Reviewed by G.L. Horton
Bravo to The Publick Theatre, for a rousing production of a seldom-seen American classic, the 1932 Gershwin musical "Of Thee I Sing"! Sixty five years may have taken the edge off a few of the satiric barbs in the Pulitzer-winning book by the brilliant George S. Kaufman and Morrie Ryskind, but George Gershwin's glorious score and Ira's needle-sharp lyrics shine as brightly as ever, the corn-fed --or corn muffin fed--equivalent of Britain's Gilbert and Sullivan. The show is a celebration of presidential politics as show biz, and of that quintessential American hero, the self-inventing con man who is an amoral hedonist but presents himself to the electorate as the embodiment of whatever virtue is in demand that season.
In "Of Thee I Sing", John P. Wintergreen (Frank Gayton) is selected as the presidential candidate after a deadlocked convention, and his handlers in the party-- the newspaper king Matthew Arnold Fulton (Dared Wright ), bosses Francis X Gilhooley (Frank Dixon) and Louis Lipman (Rick Peoples)-- are looking for an issue around which to build a campaign: "something everybody cares about but that doesn't matter a damn."' They ask the hotel chambermaid as a representative of the people what she cares about, and she answers "money". That's what the party cares about, too -- but it's the last subject they want brought up. People are bigger suckers than ever, but still, it's not a good idea to remind a nation in the midst of an economic crisis that Wintergreen belongs to the party that "sold Rhode Island". What party? Well, some times and some places they are Democrats, and sometimes they call themselves Republicans. But there's only one party really, the party owned by the Haves, and served by the Wannabes. As a youngish bachelor Wannabe, Wintergreen's best bet is to run for president on a platform of "love" because "love" is the chambermaid's second favorite thing-- a distant second, though; way after money.
Wintergreen has some reservations, but since he has no principles or ideas of his own anyway, he agrees to go along and to marry the winner of a beauty contest, to be held in each and every state. The contest finalists -- the few who haven't been disqualified for misconduct -- are gathered in Atlantic City to meet their prospective husband, and get their one shot at fame and fortune;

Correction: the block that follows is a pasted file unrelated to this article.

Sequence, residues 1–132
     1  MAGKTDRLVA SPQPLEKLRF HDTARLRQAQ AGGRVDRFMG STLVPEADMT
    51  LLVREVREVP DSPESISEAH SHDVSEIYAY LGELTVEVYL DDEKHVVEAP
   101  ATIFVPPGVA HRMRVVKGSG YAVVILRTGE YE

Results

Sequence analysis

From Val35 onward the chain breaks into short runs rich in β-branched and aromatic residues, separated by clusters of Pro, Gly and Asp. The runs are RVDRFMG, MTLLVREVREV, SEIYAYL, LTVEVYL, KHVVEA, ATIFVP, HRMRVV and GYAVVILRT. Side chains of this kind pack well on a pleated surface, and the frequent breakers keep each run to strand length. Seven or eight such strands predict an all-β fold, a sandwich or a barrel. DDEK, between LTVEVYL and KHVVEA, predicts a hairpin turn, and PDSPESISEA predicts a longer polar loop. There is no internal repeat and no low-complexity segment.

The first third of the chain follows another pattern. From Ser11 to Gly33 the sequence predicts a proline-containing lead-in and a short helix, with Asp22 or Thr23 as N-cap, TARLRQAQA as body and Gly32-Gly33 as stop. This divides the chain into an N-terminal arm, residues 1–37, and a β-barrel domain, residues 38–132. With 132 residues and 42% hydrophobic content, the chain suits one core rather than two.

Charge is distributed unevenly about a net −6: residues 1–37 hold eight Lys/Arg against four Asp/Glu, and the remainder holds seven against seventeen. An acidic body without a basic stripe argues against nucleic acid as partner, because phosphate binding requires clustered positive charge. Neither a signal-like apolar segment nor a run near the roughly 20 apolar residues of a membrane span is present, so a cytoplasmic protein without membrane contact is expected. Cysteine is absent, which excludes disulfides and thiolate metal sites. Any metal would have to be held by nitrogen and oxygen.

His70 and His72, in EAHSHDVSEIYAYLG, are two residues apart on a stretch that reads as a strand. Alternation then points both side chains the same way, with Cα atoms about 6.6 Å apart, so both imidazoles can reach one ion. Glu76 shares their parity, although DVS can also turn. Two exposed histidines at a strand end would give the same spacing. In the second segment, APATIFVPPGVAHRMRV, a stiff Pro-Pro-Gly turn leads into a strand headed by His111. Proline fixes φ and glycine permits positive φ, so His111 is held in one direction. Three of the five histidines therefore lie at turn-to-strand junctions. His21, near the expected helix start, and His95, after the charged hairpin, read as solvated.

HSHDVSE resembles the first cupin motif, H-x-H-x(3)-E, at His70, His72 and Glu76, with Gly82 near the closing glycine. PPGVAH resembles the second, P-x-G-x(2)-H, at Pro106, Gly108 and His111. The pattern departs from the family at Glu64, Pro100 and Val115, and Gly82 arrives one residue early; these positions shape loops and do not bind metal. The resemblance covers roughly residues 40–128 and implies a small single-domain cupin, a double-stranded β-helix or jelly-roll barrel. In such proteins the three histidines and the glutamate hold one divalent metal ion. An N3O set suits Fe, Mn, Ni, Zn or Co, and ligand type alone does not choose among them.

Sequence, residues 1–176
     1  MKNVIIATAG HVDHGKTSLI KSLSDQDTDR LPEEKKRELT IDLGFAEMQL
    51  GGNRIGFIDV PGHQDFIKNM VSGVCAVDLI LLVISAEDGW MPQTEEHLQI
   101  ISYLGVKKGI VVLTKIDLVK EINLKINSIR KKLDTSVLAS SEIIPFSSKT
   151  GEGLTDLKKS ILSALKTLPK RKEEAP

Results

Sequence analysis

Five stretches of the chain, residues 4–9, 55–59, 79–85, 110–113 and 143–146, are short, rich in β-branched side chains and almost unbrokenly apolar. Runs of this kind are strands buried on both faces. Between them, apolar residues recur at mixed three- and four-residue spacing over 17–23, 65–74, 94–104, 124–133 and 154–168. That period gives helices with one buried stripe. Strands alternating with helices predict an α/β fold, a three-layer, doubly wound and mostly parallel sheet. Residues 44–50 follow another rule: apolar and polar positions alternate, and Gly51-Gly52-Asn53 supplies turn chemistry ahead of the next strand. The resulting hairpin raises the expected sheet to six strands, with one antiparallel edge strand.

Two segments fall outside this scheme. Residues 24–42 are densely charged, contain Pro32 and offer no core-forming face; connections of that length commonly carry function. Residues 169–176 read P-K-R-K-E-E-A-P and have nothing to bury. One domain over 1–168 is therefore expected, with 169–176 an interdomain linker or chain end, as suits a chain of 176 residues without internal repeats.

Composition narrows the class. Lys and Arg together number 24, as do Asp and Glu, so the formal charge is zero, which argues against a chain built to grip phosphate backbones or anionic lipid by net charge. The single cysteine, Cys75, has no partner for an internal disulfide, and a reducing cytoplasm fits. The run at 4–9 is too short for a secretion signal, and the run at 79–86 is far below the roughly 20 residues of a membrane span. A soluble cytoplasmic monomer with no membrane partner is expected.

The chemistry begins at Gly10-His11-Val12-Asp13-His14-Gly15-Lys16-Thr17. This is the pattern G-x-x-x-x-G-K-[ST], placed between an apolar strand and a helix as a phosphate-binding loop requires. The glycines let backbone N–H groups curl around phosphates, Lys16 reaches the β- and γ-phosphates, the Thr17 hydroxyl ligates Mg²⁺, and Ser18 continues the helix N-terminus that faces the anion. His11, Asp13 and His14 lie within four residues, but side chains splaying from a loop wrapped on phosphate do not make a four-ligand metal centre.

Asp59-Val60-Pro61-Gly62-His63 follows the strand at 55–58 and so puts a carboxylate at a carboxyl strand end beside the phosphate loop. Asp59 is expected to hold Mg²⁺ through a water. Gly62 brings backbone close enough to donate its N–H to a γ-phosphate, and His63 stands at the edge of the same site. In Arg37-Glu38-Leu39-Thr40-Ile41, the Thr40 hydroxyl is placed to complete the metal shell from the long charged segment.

"If I have to go back to the cafeteria
with my lovely dimpled knee
...what will my poor future be?"
Naturally, the sight of so much focused sexiness and blatant female ambition terrifies Wintergreen -- especially the voluptuous and vampy charms of the southern Belle, Diana Deveroux (Kyrst Hogan), who seems from ogling of the judges most likely to be picked as the winner. Wintergreen panics and reneges, proposing instead to his loyal campaign worker, Mary Turner (Heidi Dalin). Mary's an ordinary girl, the girl next door who also happens to have a career--- and in the Publick's production she's a Hillary Clinton look-alike. But Mary's no virago: she also has culinary skills. She can make the best corn muffins John P. Wintergreen ever ate. In the Publick's production, the pair declare their love with an interpolated Gershwin love duet, "Mine". The party committee is scandalized -- a campaign bromise broken even before the election! But Wintergreen assures them that the down-home virtues of his Mary will be his greatest asset, along with her wonderful corn muffins. When the press tastes Mary's muffins, they are swept along:
"Great, great, it's written on the slateThe couple will campaign together in each state: elect Wintergreen and he'll marry his Mary and make her First Lady.
we must declare these muffins the best we ever ate.
There's none but Mary Turner can ever be his mate"
The campaign is wildly successful--- "Love Is Sweeping the Country,"
"Waves are hugging the shore
All the sexes from Maine to Texas
Have never seen such love before."
"Shining star and inspiration
Worthy of a mighty nation
Of thee I sing"
Elected by a landslide, Wintergreen ought to be able to look forward to an uneventful term. His idea of governance is appointing his cronies to office, cutting ribbons, and playing poker with various ambassadors. But Miss Diana Deveroux turns up at the combined inauguration-and-wedding threatening to sue Wintergreen for breech of promise .